I am a Man Utd supporter. I’ve argued my reasons elsewhere on these pages but I generally tend to take a pretty relaxed stance on the reasons for supporting a particular football team. As the top football clubs become more and more desperate to tap into foreign cash, both through investment and public relations, they begin to grow and swell until they are nearly unrecognizable from what they once were. This leads to confusion surrounding a clubs identity, and warrants all motives for support fair game. Locality or longevity no longer sit atop the tree.
So how are these new identities formed?
Well like it or not, the goal of modern-day football is profit motivated; if you’re big enough to win something, you’re trying to turn a profit. That stands in stark contrast to the days when clubs existed to serve the communities and towns which birthed them. Some still do, but sadly for such clubs simply being able to afford 16 players and registration for the next season is often considered mission accomplished.
So the bigger teams toe the line between trying to please their share holders and their supporters at the same time. But doing both is a delicate task though.
One get-rich-quick scheme that American sports franchises seem happy to adopt is selling the naming rights for their stadia. Qwest field, Bank of America Stadium, Minute Maid Park and At&t Park are a few less-than-subtle examples. However some stadia in the UK have existed for over 100 years, most with the same name and pitching a rebranding idea to thousands of loyal fans is a non-starter. Greedy they may be, but any chairman will tell you that happy fans are profitable ones.
What fans do not seem to mind though is other sponsorship, the sort that is plastered across teamwear or rotates alongside the pitch. This does not appear to contravene the ideals of the ‘average supporter’ at all. The most obvious example of sponsorship placement is on the team shirt, the one which players and fans alike don on match days. Regardless of the financial figures involved, it is this sponsor which attracts by far the most coverage and it is therefore logical to assume that it is most directly associated with the club’s identity, not least because it often dwarfs the club’s official logo.
It is a wonder then that clubs do not take greater care in the selection criteria for a shirt sponsor.
France famously prohibits alcohol advertising on tv, which includes shirt sponsorships for football clubs. Several teams travelling there on European night have been forced to play with no shirt sponsor as a result.
Interestingly, France has seen a sharp decline in drinking levels since the ban*. Another reason British clubs would do well to remember their responsibility when choosing a gambling, alcohol or high interest loan themed sponsor.
Incredibly, in 2008 Aston Villa announced that they would be replacing their previous shirt sponsor with the children’s charity ‘Acorns’ in a move never seen before or since in the Premier League. Villa received no financial reward for this gesture, and instead greatly increased the profile and fundraising capabilities of a fantastic cause.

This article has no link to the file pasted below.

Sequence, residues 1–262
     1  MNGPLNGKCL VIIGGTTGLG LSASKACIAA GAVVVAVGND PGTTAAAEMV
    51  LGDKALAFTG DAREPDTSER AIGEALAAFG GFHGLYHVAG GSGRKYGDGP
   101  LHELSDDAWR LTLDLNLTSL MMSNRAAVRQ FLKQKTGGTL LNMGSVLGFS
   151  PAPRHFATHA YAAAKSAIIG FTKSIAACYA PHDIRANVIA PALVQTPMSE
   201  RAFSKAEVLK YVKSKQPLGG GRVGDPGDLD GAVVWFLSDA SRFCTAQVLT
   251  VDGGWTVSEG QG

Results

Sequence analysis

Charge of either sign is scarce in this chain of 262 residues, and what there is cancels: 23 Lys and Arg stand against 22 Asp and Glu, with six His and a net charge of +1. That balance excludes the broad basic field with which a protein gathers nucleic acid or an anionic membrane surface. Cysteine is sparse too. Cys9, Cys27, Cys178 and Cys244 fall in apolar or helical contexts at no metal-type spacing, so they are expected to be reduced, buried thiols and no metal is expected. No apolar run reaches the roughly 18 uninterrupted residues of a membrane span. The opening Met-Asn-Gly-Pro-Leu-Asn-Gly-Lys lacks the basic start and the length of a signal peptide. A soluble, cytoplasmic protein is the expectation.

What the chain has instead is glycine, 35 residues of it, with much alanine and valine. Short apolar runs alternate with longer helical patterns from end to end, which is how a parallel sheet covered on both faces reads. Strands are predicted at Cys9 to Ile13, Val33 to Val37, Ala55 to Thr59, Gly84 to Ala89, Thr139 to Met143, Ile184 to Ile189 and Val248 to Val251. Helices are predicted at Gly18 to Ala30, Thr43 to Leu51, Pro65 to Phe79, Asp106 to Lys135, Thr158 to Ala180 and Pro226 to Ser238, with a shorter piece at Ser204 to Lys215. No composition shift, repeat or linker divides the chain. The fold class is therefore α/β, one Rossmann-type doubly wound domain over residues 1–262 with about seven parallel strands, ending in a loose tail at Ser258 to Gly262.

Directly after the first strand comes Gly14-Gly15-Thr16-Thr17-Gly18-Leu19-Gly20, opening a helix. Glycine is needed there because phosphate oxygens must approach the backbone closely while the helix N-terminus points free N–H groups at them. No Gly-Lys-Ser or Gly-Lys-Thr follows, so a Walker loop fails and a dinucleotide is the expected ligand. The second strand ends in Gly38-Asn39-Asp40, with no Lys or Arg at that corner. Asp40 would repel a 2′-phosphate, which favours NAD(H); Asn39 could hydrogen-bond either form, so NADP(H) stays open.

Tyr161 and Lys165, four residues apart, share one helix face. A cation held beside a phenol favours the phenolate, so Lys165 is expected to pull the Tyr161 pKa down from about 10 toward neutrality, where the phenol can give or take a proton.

However, they were not the only ones.
This weekend sees the culmination of the biggest club competition in world football: The UEFA Champions League Final. Manchester United will face Barcelona in a repeat of the 2009 final in Rome, where Barcelona won 2-0.
Both these teams can make a genuine claim to be the biggest football club in the world, quite possibly ever. Indeed, they are the two most successful teams in the Champions League era. In most categories they cannot be separated, however in terms of shirt sponsorship, they are ying to yang.
Of all clubs, no one epitomizes the global obsession of modern football like Utd. do. Regarded as the most supported club in the world, they perennially whore themselves out to whoever will bid most to have them. In 2009 this strategy lead to the perfect marriage between themselves and AIG, and insurance house commonly regarded as the world’s most unethical company.
As the global economy collapsed most people pointed the finger firmly at the torso of every Utd player. Utd didn’t seem to care.
4 months after Utd met Barcelona in the 2009 final and a year after the financial meltdown had begun, AIG paid over $450million dollars in executive bonuses. This year, they are again sponsored by insurers. Come Saturday 28th May, the world will watch 11 men wearing the eerily similar AON emblazoned across their chests.
And the opposition? Well, as in 2009 Barcelona will take to the field adorned by the words ‘Unicef’. Like ‘Acorn’, Unicef are a children’s charity ‘protecting children and their rights’.
Say what you like about Barcelona (and I am not always a big fan) they appear to be fully aware of their responsibility as the biggest club in the world and they intend to take it seriously.
Ultimately, football clubs are bigger than shirt sponsors. A shirt sponsor does not define a club or represent it either. However it does give an insight into the brains and the minds running the organization, and what their goals and motives might be. Utd’s apparent disregard for the reputations of their sponsors remains a long term concern of mine.
Ultimately, football clubs are far bigger than shirt sponsors, but ultimately, life is also bigger than football and for that reason I’ll be on the fence this Saturday,
* This article in the British Medical Journal says so: http://www.bmj.com/content/342/bmj.d1767.full